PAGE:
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Discussion Starter · #1 ·
http://www.plantedtank.net/tankprofiles/416/

I am proud to announce the next phase of my 15 gal paludarium setup.I must say its starting to really look like something. First major addition was the purchase of this nice piece of driftwood on ebay. It forms the divider for the spaghnum ground section along with some slate and silicone rubber. Here are the general stats for the tank so far.

Tank 15 gal.
Land area : Live spaghnum moss
Water area: Distilled water
Filtration: Duetto 50
Lighting: 15 watt strip gro-lite+ 23 watt cool white CF spot fill
Substrate:1 in gravel, I in. Mixed sphaghnum moss and Scotts african violet potting soil
Plants:Red Myriphyllium,E. Tennelus\

Next Step:
Carnivorous and other bog plants for the land section.
More plants for the water section.
I haven't tested the water yet but it stands to reason to be damn soft and acid. What kind of animal inhabitants? Neon tetras and maybe a betta. Possibly dwarf clawed frogs. But I want something that will use the land section. The temp is rarely less that 75 deg. so its a bit too warm for temperate newts...so what? a cealian? some small reptile?
 

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newts,firebelly toads, really anything that uses more water than land.
 

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i wouldn't put any land animals in then, because the sundew is a very deadly plant to small animals, even if they can't be digested by it, they will be stuck to it and die. Also, carnivourus plants steal all the land critter's food. i put a pitcher plant in my terrarium for 2 hours after i put 30 crikets in. 2 hrs later- 23 crickets in the plant.
 

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On the matter of the carnivorous plants, I wouldn't worry too much about having your animals trapped by them. All of the species that you chose are either quite small or have small areas for catching bugs. As a result, you would only have issues if your inhabitants were smaller than, say, a poison dart frog. I've kept larger sundews in with my firebelly newt before, and the only issue was making certain that I fed enough, as dufus was right that they easily attract your would-be food items.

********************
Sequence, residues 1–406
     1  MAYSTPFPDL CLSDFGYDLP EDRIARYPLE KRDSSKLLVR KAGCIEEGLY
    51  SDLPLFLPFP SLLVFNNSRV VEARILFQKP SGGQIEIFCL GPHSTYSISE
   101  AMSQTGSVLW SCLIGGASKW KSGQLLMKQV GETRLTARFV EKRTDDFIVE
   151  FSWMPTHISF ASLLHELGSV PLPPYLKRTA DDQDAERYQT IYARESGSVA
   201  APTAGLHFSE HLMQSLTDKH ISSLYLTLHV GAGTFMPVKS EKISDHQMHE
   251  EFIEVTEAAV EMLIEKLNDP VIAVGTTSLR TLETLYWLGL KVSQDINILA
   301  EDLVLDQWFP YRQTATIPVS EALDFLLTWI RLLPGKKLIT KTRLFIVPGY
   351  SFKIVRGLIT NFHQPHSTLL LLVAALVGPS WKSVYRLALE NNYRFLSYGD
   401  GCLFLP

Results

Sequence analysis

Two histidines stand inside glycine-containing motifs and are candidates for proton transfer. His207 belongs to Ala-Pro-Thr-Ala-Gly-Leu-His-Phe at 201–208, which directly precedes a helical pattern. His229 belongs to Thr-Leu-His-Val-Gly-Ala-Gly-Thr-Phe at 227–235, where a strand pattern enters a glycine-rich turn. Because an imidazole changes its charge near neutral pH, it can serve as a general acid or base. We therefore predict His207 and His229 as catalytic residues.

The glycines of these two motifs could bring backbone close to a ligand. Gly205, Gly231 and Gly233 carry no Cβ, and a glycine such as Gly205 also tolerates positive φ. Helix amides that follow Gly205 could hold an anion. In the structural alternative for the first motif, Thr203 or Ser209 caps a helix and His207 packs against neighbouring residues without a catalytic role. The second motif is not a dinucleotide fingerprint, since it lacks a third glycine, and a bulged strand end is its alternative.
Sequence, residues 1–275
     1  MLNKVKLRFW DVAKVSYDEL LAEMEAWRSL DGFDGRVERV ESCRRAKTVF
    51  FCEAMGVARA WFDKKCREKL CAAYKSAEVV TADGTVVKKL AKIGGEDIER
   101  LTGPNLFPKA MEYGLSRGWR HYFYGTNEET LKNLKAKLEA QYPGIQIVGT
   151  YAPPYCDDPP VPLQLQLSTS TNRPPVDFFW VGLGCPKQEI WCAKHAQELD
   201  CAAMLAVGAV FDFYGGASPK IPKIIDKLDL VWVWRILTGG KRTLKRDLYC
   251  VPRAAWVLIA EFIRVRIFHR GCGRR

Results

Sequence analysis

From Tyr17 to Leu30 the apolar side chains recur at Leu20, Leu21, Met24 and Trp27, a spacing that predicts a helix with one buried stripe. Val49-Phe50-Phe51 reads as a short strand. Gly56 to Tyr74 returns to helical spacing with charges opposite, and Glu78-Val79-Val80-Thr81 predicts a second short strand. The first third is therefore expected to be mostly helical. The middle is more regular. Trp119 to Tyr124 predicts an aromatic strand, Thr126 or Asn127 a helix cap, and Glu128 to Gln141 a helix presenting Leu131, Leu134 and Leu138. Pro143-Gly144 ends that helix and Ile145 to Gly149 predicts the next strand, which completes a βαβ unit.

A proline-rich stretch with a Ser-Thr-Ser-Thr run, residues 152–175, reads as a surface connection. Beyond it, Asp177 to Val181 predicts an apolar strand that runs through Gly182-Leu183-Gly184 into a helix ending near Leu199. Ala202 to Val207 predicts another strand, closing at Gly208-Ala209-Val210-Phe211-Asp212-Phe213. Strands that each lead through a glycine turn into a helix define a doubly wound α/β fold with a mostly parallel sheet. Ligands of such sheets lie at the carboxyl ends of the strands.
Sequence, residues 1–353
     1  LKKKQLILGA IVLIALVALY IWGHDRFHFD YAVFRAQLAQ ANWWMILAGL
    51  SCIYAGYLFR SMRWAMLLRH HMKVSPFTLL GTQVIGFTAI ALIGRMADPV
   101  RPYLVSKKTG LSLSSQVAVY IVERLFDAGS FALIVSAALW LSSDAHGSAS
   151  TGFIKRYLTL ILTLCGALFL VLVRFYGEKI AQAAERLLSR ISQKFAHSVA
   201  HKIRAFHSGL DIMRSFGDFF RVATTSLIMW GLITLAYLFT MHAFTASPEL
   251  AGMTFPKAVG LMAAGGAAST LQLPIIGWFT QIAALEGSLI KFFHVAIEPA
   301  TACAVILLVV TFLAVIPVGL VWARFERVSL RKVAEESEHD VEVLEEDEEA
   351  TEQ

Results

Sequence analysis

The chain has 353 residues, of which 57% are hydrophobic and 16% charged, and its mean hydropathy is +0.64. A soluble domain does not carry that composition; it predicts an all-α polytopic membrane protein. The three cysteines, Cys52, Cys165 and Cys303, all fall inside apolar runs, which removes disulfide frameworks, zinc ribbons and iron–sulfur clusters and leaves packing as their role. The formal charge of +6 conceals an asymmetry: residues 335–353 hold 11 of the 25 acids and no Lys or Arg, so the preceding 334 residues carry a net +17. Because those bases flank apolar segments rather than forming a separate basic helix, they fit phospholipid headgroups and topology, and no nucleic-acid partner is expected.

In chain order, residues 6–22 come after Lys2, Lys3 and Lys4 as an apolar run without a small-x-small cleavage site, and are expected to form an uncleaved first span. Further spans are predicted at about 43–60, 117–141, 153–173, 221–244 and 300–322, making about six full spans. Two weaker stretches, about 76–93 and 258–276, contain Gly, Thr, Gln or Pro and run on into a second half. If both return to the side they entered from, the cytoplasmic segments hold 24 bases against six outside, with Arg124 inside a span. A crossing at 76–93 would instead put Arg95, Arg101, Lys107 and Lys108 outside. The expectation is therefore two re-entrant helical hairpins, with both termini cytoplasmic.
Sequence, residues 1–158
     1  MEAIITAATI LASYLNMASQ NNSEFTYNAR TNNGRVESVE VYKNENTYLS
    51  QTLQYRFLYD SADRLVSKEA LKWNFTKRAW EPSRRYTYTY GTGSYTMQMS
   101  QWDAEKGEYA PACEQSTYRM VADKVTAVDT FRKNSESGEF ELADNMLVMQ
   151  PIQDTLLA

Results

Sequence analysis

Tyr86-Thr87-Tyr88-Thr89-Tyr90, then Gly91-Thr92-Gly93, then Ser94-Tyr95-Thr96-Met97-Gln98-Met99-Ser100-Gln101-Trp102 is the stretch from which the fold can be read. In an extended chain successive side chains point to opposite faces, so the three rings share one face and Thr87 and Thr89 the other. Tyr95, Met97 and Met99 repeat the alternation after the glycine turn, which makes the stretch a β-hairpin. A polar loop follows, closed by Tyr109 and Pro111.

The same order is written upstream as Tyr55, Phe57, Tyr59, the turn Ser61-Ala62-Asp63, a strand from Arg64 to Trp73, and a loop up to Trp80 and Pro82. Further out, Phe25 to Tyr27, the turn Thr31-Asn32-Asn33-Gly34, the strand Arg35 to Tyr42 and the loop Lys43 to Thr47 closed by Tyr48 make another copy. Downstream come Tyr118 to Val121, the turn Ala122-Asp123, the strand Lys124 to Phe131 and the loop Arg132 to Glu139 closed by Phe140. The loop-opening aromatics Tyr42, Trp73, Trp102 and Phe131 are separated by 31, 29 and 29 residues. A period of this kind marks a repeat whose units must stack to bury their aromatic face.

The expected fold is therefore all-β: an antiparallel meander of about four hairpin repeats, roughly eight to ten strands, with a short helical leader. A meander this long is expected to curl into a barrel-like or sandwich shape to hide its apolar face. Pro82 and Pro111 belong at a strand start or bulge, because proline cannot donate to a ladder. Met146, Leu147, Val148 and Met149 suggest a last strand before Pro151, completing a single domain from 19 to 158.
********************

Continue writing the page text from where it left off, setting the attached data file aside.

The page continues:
I do, however, have one concern with your water section: unfortunately, distilled water will actually kill animals because of its purity. In addition, aquatic plants rely on many chemicals absent in DH2O to maintain long term health. Without certain trace elements, this tends to be an issue. I understand that this would make it more difficult for your carnivorous plants if you used tap water, but if you change it out often, as I did with my cps, you shouldn't have issues. Just a thought.
 

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newts, though, are nearly completely aquatic. with a FBtoad or anything similar, even anoles, a sundew is the most deadly plant commonly available. flytraps are less deadly because the frog can muscle out, but sundews have an acidic, sticky covering that is a very effective tool at catching and holding potential food. my first sundew had leaves about the size of a dime at most, and yet it could hold and eat a large grasshopper, and it once caught an adult water roach(big critter) and ate it.

so if you do get land animals, be very carefull about it. don't get too small of creatures, and go for the strongest ones.
also, avoid the "pacman" or"fantasy" frog, as it is rather hard to care for because it will attemp to ingest anything, including the sundew, which is toxic to it.
 

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Discussion Starter · #9 ·
On the matter of the carnivorous plants, I wouldn't worry too much about having your animals trapped by them. All of the species that you chose are either quite small or have small areas for catching bugs. ....

......I do, however, have one concern with your water section: unfortunately, distilled water will actually kill animals because of its purity. In addition, aquatic plants rely on many chemicals absent in DH2O to maintain long term health. Without certain trace elements, this tends to be an issue.
Thew distiled water was killing the plants too! The water tested out too low in ph t be properly measured by a test kit that goes down to 4.5ph. I can hardly say whether the hardness test wast getting any reading at all. The plantswere showing the usually chlorosis and ph stress symptoms you would expect.

I have begun adding Calcium Carbonate in the form of a dietary supplement pill to both the water and the substrate. I have also been adding Sodium Bicarb and Epsom Salts and Potassium choride, all to raise the harness and PH. I am shooting for a GH of 8 and a ph of 5.5 . I am adding nothing to the land side, I am curious to see how carnivorous plants will reacti to this. The spaghnum mooss is already greening up faster, indeed all the plants seem to be improving and I can't help but wonder if they don't need at least some hardness, to thrive. Even 'acid pool' water plants seem to need at least a little, enought to bring the hardness into the merely 'soft' range.


The carnivorous plants or at least the first 2 arrived and frankly I find it hard to believe they would poe a hazard for anything but the tiniest of amphibians, as far as food competition I'm thinking of doing most of the feeding in the water section anyway. Thanx for the comments.
 
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